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Tense, finiteness and the survive principle

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Abstract

This paper describes how temporal chains are construed in a syntactic structure. The links in T-chains are local T-heads, where every main verb and auxiliary brings its own tense package. The semantic difference between finite and non-finite T-elements consists in the choice of first argument, the speech event S (finite tense) or any preceding verbal event e (non-finite tense). Overt inflectional markings encoding finiteness are a crucial difference between Modern English and Mainland Scandinavian languages (MSc). Middle English, like MSc, encoded finiteness. MSc retained the finiteness distinction but lost the agreement markings; English main verbs lost the finiteness distinction but retained their tense and agreement markings. This development fuelled many syntactic differences between MSc and English, e.g., <i>do</i>-support versus verb-second.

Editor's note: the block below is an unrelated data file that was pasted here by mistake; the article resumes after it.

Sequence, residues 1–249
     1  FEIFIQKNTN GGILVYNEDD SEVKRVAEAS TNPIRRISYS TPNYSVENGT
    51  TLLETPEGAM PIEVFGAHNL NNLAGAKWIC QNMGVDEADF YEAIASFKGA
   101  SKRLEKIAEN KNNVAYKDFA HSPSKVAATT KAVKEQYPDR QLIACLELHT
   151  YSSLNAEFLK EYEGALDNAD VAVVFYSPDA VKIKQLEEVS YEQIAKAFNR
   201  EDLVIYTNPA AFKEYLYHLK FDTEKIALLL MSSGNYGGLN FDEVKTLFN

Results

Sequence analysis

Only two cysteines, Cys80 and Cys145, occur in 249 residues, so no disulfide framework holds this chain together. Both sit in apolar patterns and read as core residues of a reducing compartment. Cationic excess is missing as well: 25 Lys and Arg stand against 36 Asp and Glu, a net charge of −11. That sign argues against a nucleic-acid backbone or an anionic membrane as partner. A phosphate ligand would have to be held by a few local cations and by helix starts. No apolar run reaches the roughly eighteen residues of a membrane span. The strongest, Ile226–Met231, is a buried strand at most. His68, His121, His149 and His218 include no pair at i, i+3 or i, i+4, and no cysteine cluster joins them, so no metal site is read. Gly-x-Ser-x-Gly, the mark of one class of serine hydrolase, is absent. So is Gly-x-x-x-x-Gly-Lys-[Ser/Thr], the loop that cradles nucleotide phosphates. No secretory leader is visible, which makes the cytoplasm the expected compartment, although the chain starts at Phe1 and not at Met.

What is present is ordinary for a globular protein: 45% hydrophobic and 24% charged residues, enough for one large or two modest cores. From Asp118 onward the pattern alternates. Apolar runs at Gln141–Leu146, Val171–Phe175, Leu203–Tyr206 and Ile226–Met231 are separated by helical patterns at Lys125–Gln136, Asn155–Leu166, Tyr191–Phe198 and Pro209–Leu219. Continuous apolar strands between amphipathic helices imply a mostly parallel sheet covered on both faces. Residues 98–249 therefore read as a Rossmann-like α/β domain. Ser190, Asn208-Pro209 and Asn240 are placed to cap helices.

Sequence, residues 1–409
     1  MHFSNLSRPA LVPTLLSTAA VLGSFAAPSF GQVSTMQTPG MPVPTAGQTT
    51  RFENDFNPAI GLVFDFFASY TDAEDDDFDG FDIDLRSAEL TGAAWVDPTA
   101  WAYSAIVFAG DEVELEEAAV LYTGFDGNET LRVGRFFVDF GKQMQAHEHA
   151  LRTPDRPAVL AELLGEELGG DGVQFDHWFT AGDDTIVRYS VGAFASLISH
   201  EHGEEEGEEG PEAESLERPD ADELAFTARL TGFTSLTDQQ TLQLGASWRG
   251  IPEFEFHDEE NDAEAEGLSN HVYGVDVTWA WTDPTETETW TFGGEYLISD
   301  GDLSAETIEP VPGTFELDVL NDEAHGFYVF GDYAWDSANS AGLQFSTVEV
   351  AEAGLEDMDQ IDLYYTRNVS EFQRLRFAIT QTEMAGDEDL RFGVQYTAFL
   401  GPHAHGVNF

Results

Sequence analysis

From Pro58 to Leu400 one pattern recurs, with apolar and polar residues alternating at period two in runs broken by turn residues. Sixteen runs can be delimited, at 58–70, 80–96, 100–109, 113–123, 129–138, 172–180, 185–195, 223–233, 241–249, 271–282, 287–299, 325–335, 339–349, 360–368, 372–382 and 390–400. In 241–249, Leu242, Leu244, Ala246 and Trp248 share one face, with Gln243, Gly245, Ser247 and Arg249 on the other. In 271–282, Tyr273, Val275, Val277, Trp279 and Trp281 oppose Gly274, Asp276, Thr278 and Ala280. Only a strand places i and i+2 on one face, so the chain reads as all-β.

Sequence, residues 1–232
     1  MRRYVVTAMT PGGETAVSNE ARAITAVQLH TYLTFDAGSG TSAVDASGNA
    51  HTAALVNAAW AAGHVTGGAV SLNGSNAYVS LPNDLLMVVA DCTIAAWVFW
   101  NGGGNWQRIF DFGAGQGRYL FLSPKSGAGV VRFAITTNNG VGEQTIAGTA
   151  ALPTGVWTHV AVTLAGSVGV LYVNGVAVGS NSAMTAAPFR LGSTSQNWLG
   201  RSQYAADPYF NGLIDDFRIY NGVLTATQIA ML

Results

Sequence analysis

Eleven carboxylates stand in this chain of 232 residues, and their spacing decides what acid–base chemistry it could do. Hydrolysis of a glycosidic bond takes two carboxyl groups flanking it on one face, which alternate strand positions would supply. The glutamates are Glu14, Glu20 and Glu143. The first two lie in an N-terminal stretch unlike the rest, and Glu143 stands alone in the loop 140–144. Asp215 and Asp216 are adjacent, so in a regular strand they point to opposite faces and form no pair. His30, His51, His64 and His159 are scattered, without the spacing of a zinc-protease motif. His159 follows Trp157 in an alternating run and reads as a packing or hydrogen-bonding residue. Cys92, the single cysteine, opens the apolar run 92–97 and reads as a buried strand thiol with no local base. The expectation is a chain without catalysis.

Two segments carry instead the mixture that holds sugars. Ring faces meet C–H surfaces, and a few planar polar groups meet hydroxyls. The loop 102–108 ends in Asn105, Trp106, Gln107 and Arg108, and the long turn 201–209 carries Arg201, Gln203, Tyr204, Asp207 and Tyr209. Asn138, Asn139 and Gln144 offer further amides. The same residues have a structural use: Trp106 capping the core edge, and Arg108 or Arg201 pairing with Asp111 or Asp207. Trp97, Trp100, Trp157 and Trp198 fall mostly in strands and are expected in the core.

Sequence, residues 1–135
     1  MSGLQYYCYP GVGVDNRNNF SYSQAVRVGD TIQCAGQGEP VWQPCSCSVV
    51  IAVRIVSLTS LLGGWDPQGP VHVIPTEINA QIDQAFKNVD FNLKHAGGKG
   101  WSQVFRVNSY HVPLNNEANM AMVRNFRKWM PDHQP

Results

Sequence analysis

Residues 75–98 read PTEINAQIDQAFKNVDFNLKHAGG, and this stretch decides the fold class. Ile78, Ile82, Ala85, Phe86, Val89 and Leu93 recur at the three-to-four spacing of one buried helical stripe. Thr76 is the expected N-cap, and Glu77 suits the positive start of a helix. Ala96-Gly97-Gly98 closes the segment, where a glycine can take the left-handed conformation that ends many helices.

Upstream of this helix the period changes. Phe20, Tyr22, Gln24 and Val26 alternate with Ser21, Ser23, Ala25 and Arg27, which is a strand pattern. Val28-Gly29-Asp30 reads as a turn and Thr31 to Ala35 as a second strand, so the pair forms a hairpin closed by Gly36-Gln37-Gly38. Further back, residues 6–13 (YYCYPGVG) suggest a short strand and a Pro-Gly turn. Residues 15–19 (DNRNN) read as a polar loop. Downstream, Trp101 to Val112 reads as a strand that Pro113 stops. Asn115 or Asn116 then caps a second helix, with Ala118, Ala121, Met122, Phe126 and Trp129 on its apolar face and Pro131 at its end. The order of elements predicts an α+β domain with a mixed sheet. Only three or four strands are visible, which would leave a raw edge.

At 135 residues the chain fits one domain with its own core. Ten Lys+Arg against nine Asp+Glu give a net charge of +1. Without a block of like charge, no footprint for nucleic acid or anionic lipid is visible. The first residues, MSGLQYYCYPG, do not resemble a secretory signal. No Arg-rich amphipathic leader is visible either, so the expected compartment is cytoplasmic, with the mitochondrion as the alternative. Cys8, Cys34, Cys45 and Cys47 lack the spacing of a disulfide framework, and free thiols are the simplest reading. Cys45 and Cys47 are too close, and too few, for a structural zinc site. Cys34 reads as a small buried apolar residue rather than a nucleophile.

References

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